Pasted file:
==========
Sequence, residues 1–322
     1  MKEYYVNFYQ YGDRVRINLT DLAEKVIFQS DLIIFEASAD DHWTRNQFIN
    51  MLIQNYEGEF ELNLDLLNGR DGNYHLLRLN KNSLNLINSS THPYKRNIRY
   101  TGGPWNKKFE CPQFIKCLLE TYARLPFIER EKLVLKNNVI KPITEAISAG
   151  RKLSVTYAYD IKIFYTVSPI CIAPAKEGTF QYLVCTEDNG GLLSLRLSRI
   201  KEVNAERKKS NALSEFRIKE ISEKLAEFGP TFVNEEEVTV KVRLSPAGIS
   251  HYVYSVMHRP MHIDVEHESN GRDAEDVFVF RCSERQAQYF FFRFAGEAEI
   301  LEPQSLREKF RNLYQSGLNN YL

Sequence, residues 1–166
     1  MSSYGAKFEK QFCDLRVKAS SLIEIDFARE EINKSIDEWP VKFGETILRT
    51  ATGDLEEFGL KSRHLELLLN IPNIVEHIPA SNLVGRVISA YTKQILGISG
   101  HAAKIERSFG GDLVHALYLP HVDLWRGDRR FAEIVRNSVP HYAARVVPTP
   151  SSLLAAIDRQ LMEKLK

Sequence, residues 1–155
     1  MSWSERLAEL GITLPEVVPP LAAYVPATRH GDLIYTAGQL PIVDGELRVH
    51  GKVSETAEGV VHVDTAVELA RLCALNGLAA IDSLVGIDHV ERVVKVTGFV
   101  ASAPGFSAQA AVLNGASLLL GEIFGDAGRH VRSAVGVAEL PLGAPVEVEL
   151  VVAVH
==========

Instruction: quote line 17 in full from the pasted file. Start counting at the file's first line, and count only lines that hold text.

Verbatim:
   101  ASAPGFSAQA AVLNGASLLL GEIFGDAGRH VRSAVGVAEL PLGAPVEVEL